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Gone are the days of interruptive marketing and pop-up ad campaigns. These tactics now irritate users and turn them against companies instead of attracting their attention and gaining their business. Instead, a new form of advertising is making waves. Calm Technology and the trend toward non-intrusive marketing are signs of the times. Marketers increasingly use content that provides meaningful interaction or exists in the user’s peripheral.

Explore the trend and learn how to use it to reach your target audience.

What is Interruptive Marketing?

Traditional marketing that makes people stop what they’re doing is called Interruptive Marketing because that’s exactly what it does.

Examples include the following:

  • Pop-up ads
  • Direct and email campaigns
  • Television and radio ads
  • Telemarketing calls
  • Ads that must be viewed to access video content

Interruptive Marketing used to be all that advertisers had in their arsenal. Traditional wisdom said any type of publicity was good, because even if the customer was annoyed, they would remember the name of the brand that annoyed them. That may not have ever been true, and it definitely isn’t today.

Since then researchers have conducted studies on the effects of Interruptive Marketing. One university study published in the Journal of Interactive Marketing studied what happened when customers were repeatedly interrupted by advertising. It found interruptions directly impacted the user’s willingness to pay for products associated with the brand. Interruptive marketing loses attentiveness and costs sales.

Why Do People Hate It?

It’s not so much that people hate being interrupted. We keep technology close so we can constantly stay up to date. Users don’t mind stopping what they’re doing to view status changes, receive news updates or hear from a friend. What people hate is being forced or manipulated into viewing content they don’t want to see. Consider the following:

  • 91 percent of users feel ads are more obnoxious and intrusive than they were just a few years ago
  • 79 percent feel retargeted ads follow them and wish there was a way to filter so they only saw ads they wanted to see
  • 87 percent feel the total number of ads have increased in the past two years

Worst Types of Ads

It’s no surprise that pop-up ads are rated the most intrusive type of advertising by 73 percent of users. Mobile ads are also extremely unpopular, with 70 percent of users expressing a strong dislike. Ads that play before YouTube content annoy 57 percent of viewers. Marketers who cling to what worked in the past will alienate buyers and lose consumer attention.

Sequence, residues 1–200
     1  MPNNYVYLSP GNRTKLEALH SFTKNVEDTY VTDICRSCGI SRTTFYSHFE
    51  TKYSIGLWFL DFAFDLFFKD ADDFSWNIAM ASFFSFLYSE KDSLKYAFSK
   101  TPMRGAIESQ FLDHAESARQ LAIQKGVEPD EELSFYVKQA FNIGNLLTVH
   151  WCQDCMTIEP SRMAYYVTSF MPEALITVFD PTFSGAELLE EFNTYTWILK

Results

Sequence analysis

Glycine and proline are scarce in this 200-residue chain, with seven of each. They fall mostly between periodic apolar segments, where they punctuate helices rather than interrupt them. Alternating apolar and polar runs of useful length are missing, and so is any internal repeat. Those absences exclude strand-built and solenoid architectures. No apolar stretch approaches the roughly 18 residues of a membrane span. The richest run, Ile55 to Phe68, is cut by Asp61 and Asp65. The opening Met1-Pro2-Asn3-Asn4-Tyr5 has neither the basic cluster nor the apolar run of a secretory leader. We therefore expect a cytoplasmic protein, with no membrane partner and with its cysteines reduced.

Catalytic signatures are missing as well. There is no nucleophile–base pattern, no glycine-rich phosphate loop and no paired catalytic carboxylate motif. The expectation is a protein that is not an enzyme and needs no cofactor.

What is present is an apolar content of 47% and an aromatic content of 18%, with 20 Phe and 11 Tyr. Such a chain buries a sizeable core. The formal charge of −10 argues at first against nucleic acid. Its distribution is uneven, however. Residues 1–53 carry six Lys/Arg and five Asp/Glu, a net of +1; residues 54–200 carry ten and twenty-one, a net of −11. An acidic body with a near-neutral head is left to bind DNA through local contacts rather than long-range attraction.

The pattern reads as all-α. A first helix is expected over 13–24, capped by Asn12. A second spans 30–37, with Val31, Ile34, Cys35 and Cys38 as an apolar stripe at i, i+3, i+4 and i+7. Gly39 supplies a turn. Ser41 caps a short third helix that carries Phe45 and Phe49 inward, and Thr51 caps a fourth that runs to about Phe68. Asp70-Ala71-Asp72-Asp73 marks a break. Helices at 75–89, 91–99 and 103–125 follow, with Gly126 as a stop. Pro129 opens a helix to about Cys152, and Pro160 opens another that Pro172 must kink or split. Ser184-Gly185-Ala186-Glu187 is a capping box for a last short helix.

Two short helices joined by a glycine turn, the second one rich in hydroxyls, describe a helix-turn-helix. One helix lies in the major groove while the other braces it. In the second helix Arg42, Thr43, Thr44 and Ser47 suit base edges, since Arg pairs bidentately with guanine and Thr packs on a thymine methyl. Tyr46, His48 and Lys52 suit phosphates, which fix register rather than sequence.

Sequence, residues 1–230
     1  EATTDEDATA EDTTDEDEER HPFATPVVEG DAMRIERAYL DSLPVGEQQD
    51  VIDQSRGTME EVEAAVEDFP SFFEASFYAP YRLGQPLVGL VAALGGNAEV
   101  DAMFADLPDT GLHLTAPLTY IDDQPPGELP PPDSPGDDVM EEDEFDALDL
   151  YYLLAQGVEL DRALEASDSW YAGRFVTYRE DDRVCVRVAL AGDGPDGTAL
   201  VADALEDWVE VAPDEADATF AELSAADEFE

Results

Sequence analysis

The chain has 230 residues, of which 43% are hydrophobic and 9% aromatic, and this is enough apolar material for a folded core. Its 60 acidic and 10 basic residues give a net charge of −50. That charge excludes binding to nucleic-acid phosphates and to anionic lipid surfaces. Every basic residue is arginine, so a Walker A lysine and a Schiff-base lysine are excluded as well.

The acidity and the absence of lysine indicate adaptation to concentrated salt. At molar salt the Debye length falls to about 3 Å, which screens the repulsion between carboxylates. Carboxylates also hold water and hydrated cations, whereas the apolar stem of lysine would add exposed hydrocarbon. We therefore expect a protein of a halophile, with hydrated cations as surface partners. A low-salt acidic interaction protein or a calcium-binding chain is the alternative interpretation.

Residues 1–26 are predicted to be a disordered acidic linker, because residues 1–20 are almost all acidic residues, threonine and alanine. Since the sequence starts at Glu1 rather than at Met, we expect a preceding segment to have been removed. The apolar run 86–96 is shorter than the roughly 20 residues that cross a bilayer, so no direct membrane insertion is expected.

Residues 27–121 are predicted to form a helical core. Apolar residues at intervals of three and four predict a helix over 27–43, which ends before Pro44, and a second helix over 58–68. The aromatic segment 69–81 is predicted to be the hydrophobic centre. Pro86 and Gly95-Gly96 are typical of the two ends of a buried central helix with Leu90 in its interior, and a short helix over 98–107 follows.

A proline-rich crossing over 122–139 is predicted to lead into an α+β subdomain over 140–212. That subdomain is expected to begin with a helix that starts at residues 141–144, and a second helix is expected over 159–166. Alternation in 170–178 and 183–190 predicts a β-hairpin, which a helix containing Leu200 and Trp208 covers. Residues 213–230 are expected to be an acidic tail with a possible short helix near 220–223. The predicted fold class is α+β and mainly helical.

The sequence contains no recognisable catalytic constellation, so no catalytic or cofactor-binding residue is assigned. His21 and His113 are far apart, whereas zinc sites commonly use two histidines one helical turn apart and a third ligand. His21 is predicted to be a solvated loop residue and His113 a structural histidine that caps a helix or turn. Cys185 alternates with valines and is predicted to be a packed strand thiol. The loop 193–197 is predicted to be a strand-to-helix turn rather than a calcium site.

What is Calm Technology?

With such strong negative reactions to traditional methods, digital marketers struggle to reach audiences without inundating them with unwelcome messages. Calm Technology features a design approach that seeks to be as unobtrusive as possible. Calm technology stays in the background until it is needed, rather than the computer constantly demanding the user’s attention.

Marc Weiser and John Seely Brown first used the phrase in their article, “Designing Calm Technology,” in 1995. The two researchers felt computers were creating problems that were increasingly complex, causing greater stress and requiring more knowledge and focus for operation. They advocated a philosophy that simplified interaction and created a feeling of tranquility instead of panic.

Calm technology should enhance experiences rather than complicate them. For example:

  • Video conferences convey more peripheral information than phone interactions without complicating the interaction.
  • Water kettles heat unobtrusively in the background and signal the user when they whistle.
  • Smart homes monitor behavior patterns and are easy to adapt to the user’s preferences, but require no other interaction.
  • The Roomba vacuum cleaner uses a tone-based language to communicate with users. When it gets stuck, it emits a sad tone. When it finishes its job, it gives a happy chirp. The rest of the time it works without the need for interaction.

Guiding Principles for Designers